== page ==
We also discussed sea grass beds. Sea grass is super-important for stabilizing the substrate and holding the sand down. This promotes water clarity and decreases turbidity. Nothing eats sea grass when it is alive except for manatees. Everything else eats it after the bacteria have decomposed it a bit.
One of the weird- est, but also most inter- esting is Whalefall. Whalefall is when a dead whale settles to the bottom of the ocean and organisms move in to feed on the carcass until even the bones are decomposed. Hagfish are a dominant scavenger as well as bacteria. It may not seem like a big deal, but this biome boasts over 160 species that are not found on the surrounding benthos. More info can be found at the link above, or here. Listen to a podcast here.
Deep sea benthos is another biome and it is pretty boring. Its a gooey squishy substrate populated by some dd scavengers, but there is not a high biodiversity and not a lot of food to eat.
Not all biomes are found at the bottom of the sea. Along coasts you can find rocky coasts, sandy beaches, salt marshes, mangroves, sea grass beds, kelp forests, and fouling communities.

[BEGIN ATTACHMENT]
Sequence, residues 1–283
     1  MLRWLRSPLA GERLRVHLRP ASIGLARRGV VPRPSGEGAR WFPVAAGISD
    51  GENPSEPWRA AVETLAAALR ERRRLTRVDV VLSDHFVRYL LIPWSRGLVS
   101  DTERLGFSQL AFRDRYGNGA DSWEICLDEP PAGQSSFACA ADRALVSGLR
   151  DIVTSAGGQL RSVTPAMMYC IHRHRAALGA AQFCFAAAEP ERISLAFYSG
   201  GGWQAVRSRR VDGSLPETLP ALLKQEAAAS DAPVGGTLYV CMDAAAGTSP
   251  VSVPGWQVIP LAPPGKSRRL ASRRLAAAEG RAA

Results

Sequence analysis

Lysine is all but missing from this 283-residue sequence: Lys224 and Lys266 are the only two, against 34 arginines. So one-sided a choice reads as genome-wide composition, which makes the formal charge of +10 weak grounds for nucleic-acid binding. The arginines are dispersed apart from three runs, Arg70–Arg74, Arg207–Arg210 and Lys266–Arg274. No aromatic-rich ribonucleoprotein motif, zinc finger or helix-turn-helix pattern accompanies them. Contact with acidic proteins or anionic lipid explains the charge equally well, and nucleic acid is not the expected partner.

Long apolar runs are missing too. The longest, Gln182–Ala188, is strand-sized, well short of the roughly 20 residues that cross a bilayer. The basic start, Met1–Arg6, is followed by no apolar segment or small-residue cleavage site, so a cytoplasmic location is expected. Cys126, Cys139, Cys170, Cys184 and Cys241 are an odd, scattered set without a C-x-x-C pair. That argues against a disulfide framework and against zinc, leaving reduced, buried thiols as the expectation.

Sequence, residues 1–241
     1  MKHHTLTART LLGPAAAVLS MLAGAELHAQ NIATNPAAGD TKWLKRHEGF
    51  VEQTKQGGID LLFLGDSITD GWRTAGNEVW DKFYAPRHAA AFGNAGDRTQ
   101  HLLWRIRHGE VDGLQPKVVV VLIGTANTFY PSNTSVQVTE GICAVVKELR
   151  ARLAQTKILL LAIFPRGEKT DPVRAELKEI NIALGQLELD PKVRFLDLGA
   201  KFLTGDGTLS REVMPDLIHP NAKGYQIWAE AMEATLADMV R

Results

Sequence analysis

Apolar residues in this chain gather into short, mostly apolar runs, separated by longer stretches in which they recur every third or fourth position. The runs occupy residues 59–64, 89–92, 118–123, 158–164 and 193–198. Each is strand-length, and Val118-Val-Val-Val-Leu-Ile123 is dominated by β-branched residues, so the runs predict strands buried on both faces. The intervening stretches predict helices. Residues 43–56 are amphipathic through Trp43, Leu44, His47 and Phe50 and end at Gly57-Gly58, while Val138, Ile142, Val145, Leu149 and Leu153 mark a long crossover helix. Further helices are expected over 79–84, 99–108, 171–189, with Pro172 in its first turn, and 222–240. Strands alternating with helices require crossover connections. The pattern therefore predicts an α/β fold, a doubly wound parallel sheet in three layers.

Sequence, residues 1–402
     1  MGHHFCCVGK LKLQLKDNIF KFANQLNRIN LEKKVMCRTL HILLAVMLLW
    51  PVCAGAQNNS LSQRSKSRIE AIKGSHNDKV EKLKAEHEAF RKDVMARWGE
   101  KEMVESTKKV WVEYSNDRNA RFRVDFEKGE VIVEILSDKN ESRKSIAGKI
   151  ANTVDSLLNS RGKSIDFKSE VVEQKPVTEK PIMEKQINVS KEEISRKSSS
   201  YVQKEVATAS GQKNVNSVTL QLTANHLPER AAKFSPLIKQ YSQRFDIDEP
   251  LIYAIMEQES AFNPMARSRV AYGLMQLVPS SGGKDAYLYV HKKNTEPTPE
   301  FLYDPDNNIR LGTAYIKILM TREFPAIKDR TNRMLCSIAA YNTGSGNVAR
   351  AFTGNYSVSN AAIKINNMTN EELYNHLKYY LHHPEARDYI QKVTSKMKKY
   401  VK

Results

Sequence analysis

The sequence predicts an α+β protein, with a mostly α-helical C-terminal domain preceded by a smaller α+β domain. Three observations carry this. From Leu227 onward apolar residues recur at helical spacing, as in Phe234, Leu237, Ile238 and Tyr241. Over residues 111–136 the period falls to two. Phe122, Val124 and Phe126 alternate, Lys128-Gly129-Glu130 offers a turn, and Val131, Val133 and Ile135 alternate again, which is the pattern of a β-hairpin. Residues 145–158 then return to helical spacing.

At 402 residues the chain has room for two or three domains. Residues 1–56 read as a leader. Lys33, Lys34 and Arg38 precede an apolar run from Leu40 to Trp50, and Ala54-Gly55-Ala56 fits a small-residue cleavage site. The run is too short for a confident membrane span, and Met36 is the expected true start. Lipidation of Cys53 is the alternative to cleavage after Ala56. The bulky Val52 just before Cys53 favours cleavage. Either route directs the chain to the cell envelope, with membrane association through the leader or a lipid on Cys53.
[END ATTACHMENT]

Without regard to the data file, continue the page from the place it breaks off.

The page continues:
I think fouling communities are really interesting... because all these organisms need is a hard substrate (surface) to stick on. This could be a dock, a pier, a boat, or anything that's in the water long enough. Most people have seen all the 'stuff' growing on the pole legs of piers and docks, but don't really think of the variety of organisms that grow there - or their importance. Most of these organisms are filter feeders and do a lot for water quality. They also break down the surfaces like scavengers... not something we want for our boats and docks we use, but important nonetheless.
Photic vs Aphotic is an odd one involving the light and dark zones of the ocean. Some organisms hide in teh dark aphotic zone during the day and migrate up to the surface (the photic zone) at night to eat the phytoplankton. Predators also migrate to eat the things that are eating the phytoplankton.